Is it smarter to focus on landing a job or on getting interviews?
Answer: Focus on getting interviews with someone that can hire you. If you focus mainly on getting a job, you might inadvertently do something that spoils your chances of getting interviews, e.g., sending a resume to HR.
Should I hire a resume writer?
Answer: Since you only need a standard resume, why pay someone for that?
Should I contact recruiters?
Answer: Only if they contact you first or if you see a job listing they posted and it’s the same or nearly the same as your current/recent position.
If I don’t send a resume immediately, is the game over?
Answer: No. First, most good jobs are rarely filled very quickly. HR may stop accepting resumes in a matter of a few days. However, you shouldn’t apply via resumes to HR. Instead, you should send a letter (only) directly to the hiring authority. Wait at least a week before you send it. That way you’ll be like a breath of fresh air after all of those “me too” applicants.
Should I be tested to identify my strengths?
Answer: By now, surely you know what yours are.
Which is more important to the hiring authority: education, experience, accomplishments, or the capabilities you can bring to the table?
Answer: Capabilities. Your education, experience, and (relevant) accomplishments are each important; however, what you can do to help the hiring authority reach her/his business financial goals faster is the most important qualification you possess. All of the others are from the past and may or may not be seen as very relevant. You want the focus to be on the future. Let others try the “me too, only more” tactic. Their doing so (and most other applicants will) forces the hiring authority to have to figure out the relevancy of those factors — and a busy hiring authority may simply not take much time to do that.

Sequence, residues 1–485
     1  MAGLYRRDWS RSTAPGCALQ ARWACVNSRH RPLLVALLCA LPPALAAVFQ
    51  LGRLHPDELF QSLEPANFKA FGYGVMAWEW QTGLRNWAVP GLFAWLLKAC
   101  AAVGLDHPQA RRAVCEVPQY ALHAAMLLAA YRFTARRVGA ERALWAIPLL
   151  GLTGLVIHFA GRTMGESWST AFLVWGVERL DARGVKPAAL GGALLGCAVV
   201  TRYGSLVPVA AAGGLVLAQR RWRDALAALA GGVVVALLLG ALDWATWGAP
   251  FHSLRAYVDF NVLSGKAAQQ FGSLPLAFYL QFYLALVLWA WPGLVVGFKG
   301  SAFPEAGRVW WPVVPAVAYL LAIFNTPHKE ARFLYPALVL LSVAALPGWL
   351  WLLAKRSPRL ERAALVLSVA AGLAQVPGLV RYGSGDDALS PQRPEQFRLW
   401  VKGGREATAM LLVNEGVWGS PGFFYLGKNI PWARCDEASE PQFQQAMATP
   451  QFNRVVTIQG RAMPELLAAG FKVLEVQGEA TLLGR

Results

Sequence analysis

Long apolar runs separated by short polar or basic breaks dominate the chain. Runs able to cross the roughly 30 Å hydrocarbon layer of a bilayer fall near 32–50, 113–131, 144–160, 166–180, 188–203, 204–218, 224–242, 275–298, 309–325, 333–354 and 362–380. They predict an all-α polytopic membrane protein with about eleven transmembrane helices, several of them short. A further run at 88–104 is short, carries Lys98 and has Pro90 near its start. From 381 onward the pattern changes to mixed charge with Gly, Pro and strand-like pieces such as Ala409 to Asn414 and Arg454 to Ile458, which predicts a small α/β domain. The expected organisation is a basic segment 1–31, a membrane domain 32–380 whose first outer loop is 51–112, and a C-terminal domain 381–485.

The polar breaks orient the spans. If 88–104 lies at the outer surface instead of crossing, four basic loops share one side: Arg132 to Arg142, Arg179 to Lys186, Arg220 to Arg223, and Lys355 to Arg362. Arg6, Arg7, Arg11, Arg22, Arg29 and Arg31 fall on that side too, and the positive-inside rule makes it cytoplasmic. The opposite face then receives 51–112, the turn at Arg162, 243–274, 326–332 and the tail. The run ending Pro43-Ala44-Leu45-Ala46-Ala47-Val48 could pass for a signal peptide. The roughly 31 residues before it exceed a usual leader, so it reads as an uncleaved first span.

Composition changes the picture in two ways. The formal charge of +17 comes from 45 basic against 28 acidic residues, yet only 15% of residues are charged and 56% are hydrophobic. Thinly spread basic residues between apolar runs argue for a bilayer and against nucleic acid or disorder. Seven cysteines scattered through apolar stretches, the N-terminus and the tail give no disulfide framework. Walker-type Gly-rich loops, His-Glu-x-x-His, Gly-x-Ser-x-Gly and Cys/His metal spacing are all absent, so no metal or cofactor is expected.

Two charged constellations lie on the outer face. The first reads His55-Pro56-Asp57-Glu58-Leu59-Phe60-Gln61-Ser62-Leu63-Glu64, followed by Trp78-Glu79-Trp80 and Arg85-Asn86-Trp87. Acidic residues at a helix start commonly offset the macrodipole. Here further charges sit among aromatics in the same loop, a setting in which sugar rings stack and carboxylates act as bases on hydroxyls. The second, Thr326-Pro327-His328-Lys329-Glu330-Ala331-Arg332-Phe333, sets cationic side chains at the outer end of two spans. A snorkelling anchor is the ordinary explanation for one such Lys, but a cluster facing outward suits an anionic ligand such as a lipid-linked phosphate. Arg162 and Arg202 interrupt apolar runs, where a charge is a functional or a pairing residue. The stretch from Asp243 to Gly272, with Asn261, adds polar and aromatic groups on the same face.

What is the most effective way to differentiate your candidacy?
Answer: Communicating an offer to be of service. Most applicants will be making an attempt to sell their services.
Should I do networking in my job search?
Answer: Yes. You should give yourself every possible advantage in a job search. Don’t be shy. Your networking group leader surely has a lot of contacts. Let them know you’re ready for a better full-time job, and ask them to call or write some hiring authorities and set up some f2f meetings for you. After all, isn’t networking all about being helpful?
Should I secure professional career marketing assistance?
Answer: If your severance package includes outplacement assistance, use it. If you aren’t exactly sure how to market yourself successfully or you just want to avoid a long search and the risks of mediocre results, you should definitely secure professional help from an expert in executive marketing. The problem with most so-called career marketing or career management firms is that they only “manage” a job search. They redo resumes, provide lists of recruiters, and provide interviews coaching. When it comes to actually figuring out the best way to market you so that you get interviews directly with hiring authorities, they only provide very generalized advice. The burden of actually securing interviews is still left squarely on your shoulders. When you want to get a high-compensation job, you should get help — but friends and contacts are rarely experts in knowing how to effectively and personally help someone else secure a new job. Besides, they don’t have the time to devote to your personal situation. All successful politicians and even most lawyers know it’s hard to be completely objective about oneself, so they get personal, professional marketing assistance.
Why should I hire you?
Answer: Because I’ll do the job exactly the way that you want it done!
Remember: The better candidate doesn’t win. The best marketer does.
Tom Kellum is a job hunting consultant, helping people's dreams come true since 1987. He specializes in providing a personal job-landing service based on proven marketing strategies and methods. For more information, email him at firstname.lastname@example.org.